“Death to Israel!” and “Death to America!” chanted demonstrators in Tehran’s Palestine Square shortly after the Revolutionary Guards announced the launch of Operation Honest Promise.
A mural saying “the next slap is fiercer” was unveiled in the square where a huge banner has hung for days calling, in Hebrew, for Israelis to “take shelter.”
On Sunday, demonstrators waved Iranian and Palestinian national flags alongside banners reading “God’s victory is near.”
Iran’s attack came in retaliation for an April 1 strike that levelled the five-story consular annexe of the Iranian embassy in Damascus and killed seven Revolutionary Guards, two of them generals.
Tehran has since vowed to avenge the strike which was widely blamed on Israel.
Iran’s supreme leader Ayatollah Ali Khamenei pledged that the “evil (Israeli) regime will be punished.”

Iranian media described the attack on Israel as “complex” as it also involved Iranian allies in Yemen, Lebanon and Iraq.
“This attack did not come from Iran only, and this regime (Israel) is being punished from four directions,” the Tasnim news agency said.
A large crowd of demonstrators gathered outside the British embassy in Tehran.
Supporters of the retaliatory attack also demonstrated in Iran’s third largest city Isfahan where Brig. Gen. Mohammad Reza Zahedi, one of the generals killed in the Damascus strike, is buried.
Demonstrators also gathered near the grave in the southern city of Kerman of prominent Guards commander Qasem Soleimani, who was killed in a 2020 US drone strike in Baghdad.
Tehran had earlier appealed to Washington to keep out of its conflict with Israel but Iranian hopes were dashed after a Pentagon official confirmed that US forces were shooting down Israel-bound drones.
Iran insists it acted in “self-defense” after the targeting of its diplomatic mission in Damascus. It said it hoped its action would prompt no further escalation and “the matter can be deemed concluded.”

The latest developments took place against the backdrop of the Gaza war which began with Hamas’s October 7 attack on Israel which killed 1,170 people, mostly civilians.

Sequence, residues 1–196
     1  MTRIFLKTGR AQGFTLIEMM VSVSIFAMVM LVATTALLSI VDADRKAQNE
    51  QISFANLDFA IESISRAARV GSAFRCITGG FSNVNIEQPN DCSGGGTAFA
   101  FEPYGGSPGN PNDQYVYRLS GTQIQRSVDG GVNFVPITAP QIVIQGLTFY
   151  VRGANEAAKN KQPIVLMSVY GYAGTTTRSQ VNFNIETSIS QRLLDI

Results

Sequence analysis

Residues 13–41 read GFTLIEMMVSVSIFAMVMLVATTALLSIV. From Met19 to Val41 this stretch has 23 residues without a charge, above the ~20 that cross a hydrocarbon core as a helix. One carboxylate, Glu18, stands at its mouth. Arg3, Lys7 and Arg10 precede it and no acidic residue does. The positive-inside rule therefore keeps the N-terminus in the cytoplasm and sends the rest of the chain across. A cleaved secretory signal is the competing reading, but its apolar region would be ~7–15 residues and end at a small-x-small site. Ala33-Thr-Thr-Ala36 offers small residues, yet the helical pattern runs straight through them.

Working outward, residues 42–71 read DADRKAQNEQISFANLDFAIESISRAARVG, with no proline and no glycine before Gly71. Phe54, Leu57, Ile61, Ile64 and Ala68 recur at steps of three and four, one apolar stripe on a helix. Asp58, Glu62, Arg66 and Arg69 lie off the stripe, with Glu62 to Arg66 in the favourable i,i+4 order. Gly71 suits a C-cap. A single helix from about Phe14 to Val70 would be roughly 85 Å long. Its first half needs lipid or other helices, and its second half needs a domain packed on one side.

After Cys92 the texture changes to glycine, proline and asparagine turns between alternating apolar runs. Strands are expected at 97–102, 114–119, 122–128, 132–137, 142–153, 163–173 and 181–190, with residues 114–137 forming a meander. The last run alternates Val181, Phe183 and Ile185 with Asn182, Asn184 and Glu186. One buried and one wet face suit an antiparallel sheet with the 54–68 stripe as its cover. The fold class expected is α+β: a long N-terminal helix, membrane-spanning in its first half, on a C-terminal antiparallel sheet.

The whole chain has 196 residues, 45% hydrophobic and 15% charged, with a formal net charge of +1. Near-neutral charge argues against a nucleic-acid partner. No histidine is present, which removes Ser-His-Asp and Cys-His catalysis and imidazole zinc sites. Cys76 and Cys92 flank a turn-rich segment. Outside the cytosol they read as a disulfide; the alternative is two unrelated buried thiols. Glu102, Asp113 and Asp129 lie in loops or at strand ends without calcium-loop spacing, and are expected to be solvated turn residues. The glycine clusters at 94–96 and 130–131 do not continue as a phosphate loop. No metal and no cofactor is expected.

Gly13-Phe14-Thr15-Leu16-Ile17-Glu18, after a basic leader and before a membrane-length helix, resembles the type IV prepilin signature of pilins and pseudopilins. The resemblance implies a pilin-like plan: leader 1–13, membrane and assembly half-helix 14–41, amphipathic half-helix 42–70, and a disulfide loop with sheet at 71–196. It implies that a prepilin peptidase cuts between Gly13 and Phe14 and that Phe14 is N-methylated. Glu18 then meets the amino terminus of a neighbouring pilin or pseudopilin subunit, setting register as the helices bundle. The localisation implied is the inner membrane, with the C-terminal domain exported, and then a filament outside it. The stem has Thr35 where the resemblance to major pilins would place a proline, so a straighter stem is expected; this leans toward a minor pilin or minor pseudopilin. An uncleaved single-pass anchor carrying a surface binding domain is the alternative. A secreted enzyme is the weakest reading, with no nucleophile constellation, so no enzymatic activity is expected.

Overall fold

Tehran backs Hamas but has denied any direct involvement in its attack on Israel.
Israel’s retaliatory offensive against Hamas has killed at least 33,686 people in Gaza, mostly women and children, according to the Hamas-run territory’s health ministry.
Iran does not recognize Israel, and the two countries have fought a shadow war for years.
Anticipation of conflict with Israel had gripped Iran ever since the April 1 strike on its consulate.
“It is better to reach a compromise so that the war does not begin, and innocent people don’t die,” said Maryam, a 43-year-old private sector worker.
“God willing, our government will favor reason over emotion,” said Salehi, a 75-year-old retired government employee in central Tehran.
Ehsan, a 43-year-old university professor, said it was “logical” to retaliate.
“War is always bad and worrying — a person who has experienced war would never support it, but sometimes to achieve peace, a war is necessary,” he added.
 

 


UN Security Council to meet on Sunday to discuss Iran attacks on Israel

UN Security Council to meet on Sunday to discuss Iran attacks on Israel
Updated 14 April 2024
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UN Security Council to meet on Sunday to discuss Iran attacks on Israel

UN Security Council to meet on Sunday to discuss Iran attacks on Israel
  • Israel requested the meeting, urging council to condemn Iran and designate IRGC as a terror organization
  • Iran blamed its retaliatory attack on the council’s failure to condemn Israel’s strike on its Damascus consulate

NEW YORK: The UN Security Council is set to hold an emergency meeting on Sunday afternoon in New York to discuss Iran’s attack on Israel, the Maltese presidency of the council has announced.

Iran on Saturday launched dozens of drones and missiles at Israel in a retaliatory attack after an Israeli strike on the Iranian consulate in Damascus which killed seven revolutionary guards, including two generals. Iran had warned that Israel would be "punished" for the strike, which took place on April 1st.